My week didn’t go the way I expected it to go last week.

Whatever my plan was, events mandated a new plan.

Life’s experiences have a unique way of conditioning you into a new state of normal.

You can theorize or intellectualize leadership and then you confirm that what’s most important is the living out of leadership.

Does this sound like a week you’ve ever had? Can you relate?

This past week highlighted 10 important leadership lessons that have further shaped the importance of my view on awareness and an eyes wide open perspective.

  1. You truly don’t know what you don’t know. You can only control what you can control.
  2. No matter what you know, there are moments where that knowledge is both completely relevant and irrelevant at the same time.
  3. No matter what you know, there’s more you don’t know that can, and must be learned.
  4. Smart, intelligent, intuitive and wise are uniquely different characteristics and well-developed leaders possess a balance of all four.
  5. Pressure will reveal the true nature of a person.
  6. People are the most complex part of a company. Empathy makes people less complex.
  7. Building relationships and developing teams is the result of the experiences you share together.
  8. Relationships inspire commitment and commitment is your currency.
  9. The character of your leadership when no one’s looking, had better be the same as when everyone’s watching.
  10. Growth, development and awareness, beyond what we know right now, most definitely matters.


Reflect on how these lessons relate to you, your experiences and your growth.

With increased awareness,



P.S. Have you ever had a week like this? Share with me what you learned from it.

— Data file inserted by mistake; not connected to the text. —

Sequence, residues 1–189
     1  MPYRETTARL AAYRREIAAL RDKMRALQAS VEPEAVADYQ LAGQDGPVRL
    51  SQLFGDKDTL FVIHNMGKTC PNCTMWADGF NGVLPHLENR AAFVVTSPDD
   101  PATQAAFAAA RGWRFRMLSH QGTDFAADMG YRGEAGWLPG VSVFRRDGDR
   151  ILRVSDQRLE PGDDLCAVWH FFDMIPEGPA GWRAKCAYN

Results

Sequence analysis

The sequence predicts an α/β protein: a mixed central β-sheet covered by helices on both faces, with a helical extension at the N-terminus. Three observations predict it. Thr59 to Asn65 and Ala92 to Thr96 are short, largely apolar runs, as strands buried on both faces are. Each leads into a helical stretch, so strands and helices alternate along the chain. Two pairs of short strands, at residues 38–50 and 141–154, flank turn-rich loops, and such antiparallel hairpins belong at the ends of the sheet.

Are Your People's Problems Important to You?

If there’s one thing we talk about in Thoughtwave routinely it’s that you have a choice in every interaction.

One of the most important choices you can make in an interaction is the choice to be empathetic or sympathetic.

Now, rather than thinking of empathy as an unnecessary soft-skill, think of the difference between sympathy and empathy like this: You can choose to look at the problem alone, or take interest in the person helping you solve the problem.

There comes a point when technical skills alone won’t get you any further and people skills become imperative. Skilled leaders know that the true business they operate in is the business of people.

Are your people’s problems important to you?
If you’re a High D (like me), or High Dominant person, fixing problems is in your nature. The phrase, “A problem is just a solution waiting to be found,” might resonate with you. However, attached to those problems are people, and often, empathizing with the person or treating the situation with empathy will get you to a better solution.